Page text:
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EnglishEdit

EtymologyEdit

in- +‎ variable

PronunciationEdit

AdjectiveEdit

invariable (not comparable)

  1. Not variable; unalterable; uniform; always having the same value.
    • Isaac Taylor (1787–1865)
      Physical laws which are invariable.
    • 1907, Robert William Chambers, chapter IX, in The Younger Set (Project Gutenberg; EBook #14852), New York, N.Y.: D. Appleton & Company, published 1 February 2005 (Project Gutenberg version), OCLC 24962326:
      “A tight little craft,” was Austin’s invariable comment on the matron; and she looked it, always trim and trig and smooth of surface like a converted yacht cleared for action.
  2. (mathematics) Constant.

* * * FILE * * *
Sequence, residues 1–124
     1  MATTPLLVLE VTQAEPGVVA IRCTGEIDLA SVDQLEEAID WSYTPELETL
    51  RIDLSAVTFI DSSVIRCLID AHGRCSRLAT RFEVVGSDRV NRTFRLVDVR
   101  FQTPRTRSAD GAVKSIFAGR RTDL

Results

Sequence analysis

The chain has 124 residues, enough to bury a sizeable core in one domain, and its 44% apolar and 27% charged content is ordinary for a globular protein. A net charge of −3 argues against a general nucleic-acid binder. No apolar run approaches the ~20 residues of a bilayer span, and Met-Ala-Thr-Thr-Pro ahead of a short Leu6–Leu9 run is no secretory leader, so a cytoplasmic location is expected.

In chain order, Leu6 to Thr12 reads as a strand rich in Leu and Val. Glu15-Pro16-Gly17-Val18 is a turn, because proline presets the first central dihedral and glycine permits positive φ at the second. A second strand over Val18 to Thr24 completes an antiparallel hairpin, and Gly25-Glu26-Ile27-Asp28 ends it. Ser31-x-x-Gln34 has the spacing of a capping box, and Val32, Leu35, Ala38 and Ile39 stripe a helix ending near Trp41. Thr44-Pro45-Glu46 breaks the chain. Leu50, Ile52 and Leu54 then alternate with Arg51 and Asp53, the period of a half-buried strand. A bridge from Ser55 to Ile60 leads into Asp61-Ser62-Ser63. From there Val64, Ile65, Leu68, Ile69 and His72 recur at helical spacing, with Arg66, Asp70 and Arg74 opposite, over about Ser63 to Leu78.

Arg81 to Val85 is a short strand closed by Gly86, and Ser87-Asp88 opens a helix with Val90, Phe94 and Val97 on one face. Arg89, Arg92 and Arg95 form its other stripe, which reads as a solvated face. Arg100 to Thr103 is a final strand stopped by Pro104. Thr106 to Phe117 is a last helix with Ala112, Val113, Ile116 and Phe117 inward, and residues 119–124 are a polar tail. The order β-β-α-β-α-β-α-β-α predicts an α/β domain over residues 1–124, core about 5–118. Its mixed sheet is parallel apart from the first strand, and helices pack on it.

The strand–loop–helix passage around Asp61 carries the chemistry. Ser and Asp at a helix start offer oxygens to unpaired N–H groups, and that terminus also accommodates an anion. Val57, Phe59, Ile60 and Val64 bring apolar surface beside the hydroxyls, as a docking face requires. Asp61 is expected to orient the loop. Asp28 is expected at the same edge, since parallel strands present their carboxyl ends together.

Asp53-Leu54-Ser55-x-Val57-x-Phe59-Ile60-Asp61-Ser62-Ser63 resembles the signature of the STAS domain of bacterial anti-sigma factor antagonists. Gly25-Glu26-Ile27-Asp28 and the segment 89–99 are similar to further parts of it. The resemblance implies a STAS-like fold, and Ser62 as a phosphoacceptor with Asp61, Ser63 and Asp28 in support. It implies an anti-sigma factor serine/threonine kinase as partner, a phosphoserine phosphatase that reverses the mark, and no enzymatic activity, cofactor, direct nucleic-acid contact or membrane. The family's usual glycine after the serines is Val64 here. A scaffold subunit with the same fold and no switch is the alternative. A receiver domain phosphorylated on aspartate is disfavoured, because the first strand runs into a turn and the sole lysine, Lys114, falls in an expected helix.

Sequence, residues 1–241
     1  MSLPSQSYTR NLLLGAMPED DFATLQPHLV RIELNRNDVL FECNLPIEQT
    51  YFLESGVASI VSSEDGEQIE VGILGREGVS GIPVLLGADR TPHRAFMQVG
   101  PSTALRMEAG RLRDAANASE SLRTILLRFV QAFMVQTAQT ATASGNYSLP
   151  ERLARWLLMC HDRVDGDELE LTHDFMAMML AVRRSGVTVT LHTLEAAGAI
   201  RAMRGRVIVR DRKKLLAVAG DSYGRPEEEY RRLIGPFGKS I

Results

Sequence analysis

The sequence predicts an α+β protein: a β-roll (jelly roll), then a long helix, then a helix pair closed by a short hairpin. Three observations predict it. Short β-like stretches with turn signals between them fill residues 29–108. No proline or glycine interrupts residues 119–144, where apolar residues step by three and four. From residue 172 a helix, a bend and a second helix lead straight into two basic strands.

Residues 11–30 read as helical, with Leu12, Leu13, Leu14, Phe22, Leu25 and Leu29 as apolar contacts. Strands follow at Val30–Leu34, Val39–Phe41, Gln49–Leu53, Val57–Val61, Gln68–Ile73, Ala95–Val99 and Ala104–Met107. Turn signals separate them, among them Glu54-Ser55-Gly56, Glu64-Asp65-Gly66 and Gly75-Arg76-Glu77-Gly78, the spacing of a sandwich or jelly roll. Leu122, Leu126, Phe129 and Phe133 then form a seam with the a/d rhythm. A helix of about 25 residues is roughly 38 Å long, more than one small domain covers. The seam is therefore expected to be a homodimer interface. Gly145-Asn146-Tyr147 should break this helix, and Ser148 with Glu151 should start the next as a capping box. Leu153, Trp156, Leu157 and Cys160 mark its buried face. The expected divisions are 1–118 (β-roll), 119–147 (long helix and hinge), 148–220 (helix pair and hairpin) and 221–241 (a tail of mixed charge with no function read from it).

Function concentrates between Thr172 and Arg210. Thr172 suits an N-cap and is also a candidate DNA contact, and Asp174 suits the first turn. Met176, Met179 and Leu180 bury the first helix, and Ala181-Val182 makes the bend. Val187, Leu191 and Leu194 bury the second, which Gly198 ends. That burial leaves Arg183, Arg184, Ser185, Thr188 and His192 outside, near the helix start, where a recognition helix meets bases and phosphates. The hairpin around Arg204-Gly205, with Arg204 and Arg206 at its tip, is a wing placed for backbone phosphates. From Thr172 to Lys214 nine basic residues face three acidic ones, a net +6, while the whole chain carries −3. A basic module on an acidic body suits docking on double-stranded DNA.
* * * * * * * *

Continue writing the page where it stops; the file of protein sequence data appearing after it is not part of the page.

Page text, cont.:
3. (by extension, grammar, of a word, or a grammatical class) That cannot undergo inflection, conjugation or declension.
    The French adjective marron (brown) is invariable: it does not take the usual s in the plural.

QuotationsEdit

TranslationsEdit

NounEdit

invariable (plural invariables)

  1. Something that does not vary; a constant.

See alsoEdit


FrenchEdit

EtymologyEdit

in- +‎ variable

PronunciationEdit

AdjectiveEdit

invariable (plural invariables)

  1. invariable

Further readingEdit


SpanishEdit

AdjectiveEdit

invariable (plural invariables)

  1. invariable